Monday, July 10, 2006

Testing Limits


It is rare that I turn to the city of Los Angeles in a search for sanity.
But according to published reports, there is a movement afoot in L.A. to extend the tenure of elected officials from two terms to three.
That's right, folks, they're taking a monkey wrench to term limits. And not a moment too soon.
According to a story in the Los Angeles Times, the Los Angeles Chamber of Commerce and the League of Women Voters have decided that what term limits actually do is create a whirlwind of office shuffling while elevating the power of bureaucrats and lobbyists.
"...The difficulty of getting things done requires a good deal of time and a sustained commitment to a vision," said George Kieffer, a law firm partner and key player in the Civic Alliance, another powerful group expressing interest in the proposal. "That's more and more difficult to do with people looking at short-term horizons and other offices."
I'm surprised it took the good and visionary people of Los Angeles this long to see that term limits aren't working.
All they needed to do was gaze northward to the sort of chaos that exists in the state legislature to see what actually gets limited in Sacramento is leadership, constructive compromise and vision. As our action-hero governor has discovered.
For the record, Assembly members are limited to three terms of two years each. State senators serve two four-year terms.
Given the steep learning curve, the reelection demands and abundant number of adjournments, the time spent in actual governance is shockingly limited.
I did some reporting out of Sacramento at one point in my career. I thnk the thing that struck me most was the turnover, especially at the committee chair and speaker level and the void in leadership and institutional knowledge that it ultimately created.
I admired Bob Hertzberg when he was speaker of the Assembly. He was visionary, adept at molding bi-partisan consensus and energetic. And he wasn't around long enough to accomplish one-tenth of his agenda.
Lame duck leaders get no respect and it seems in Sacramento, everyone is a lame duck.
There were subtler problems. There seemed to be a dependence on lobbyists and other special interests types in Sacramento who often had a better take on the issues becasue they had been around longer.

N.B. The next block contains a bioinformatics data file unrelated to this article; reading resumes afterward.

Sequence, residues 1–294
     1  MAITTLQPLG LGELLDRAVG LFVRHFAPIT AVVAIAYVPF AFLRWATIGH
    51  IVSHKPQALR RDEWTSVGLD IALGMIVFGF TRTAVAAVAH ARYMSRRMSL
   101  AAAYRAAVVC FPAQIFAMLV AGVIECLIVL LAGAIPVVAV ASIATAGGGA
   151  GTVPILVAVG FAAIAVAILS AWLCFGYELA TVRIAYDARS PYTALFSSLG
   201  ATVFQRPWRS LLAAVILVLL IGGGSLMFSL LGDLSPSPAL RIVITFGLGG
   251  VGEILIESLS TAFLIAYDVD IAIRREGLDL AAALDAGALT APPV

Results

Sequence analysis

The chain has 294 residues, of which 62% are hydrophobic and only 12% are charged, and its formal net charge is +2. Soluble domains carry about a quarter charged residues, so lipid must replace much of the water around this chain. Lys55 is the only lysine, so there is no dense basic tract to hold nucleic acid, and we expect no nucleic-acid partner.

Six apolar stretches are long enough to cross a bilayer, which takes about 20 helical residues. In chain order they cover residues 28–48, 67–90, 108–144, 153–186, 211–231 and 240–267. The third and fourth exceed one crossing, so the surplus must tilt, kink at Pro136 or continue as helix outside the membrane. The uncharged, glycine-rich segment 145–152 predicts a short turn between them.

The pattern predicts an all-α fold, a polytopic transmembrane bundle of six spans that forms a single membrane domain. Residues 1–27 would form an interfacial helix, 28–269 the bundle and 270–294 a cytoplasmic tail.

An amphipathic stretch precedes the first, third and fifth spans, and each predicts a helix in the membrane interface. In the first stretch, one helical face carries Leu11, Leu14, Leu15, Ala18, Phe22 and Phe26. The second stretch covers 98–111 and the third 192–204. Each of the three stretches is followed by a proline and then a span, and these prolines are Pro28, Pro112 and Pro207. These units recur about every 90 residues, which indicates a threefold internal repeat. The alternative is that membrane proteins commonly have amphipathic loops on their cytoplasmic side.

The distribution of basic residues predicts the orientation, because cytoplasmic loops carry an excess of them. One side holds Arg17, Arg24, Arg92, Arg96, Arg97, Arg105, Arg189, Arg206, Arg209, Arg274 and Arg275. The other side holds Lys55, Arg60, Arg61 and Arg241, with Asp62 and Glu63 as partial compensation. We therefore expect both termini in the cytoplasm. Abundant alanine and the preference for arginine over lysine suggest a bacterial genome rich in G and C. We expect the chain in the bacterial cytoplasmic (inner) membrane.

Most importantly, a Public Policy Institute study showed that legislators operating under term limits screen out fewer bills assigned to them and are more likely to see their work rewritten at later stages.
The practice of hijacking Assembly bills, gutting their contents andamending them thoroughly in the Senate, has increased sharply.
In addition, legislative oversight of the executive branch has declined significantly, according to the study. There is a widespread sense in Sacramento that something needs to be done soon to provide more stability and expertise to theLegislature's policymaking process.
And last but not least, while term limits may have had the noble intent of abolishing career politicians and power mongers like Jess Unruh and Willie Brown, what they have in fact created is a new kind of career pol. The new model operates out of suticase.
The city council in Los Angeles, for example, includes two former state legislators who were termed out. Another announced his intent to run for state Senate only weeks after being reelected. In fact, the mayor himself is a former Assembly speaker who walked the term plank.
My favorite take on term limits comes from David S. Border, writing in the Washington Post:
"If bankers were limited to 12 years in their jobs, for example, would we logically expect that loan policies would become more prudent? Hardly. The knowledge that they won't be around when repayment time comes would probably impel them to gin up the volume of loan approvals and let their successors worry about those that are, in banking jargon, "nonperforming."
"As Tom Lehrer wrote in his wonderful song about the German-born missile-designer of famously flexible loyalties, "Once the rockets are up, who cares where they come down? That's not my department, says Wernher von Braun."
Let's hope that the rocket being launched in Los Angeles lands in Sacramento.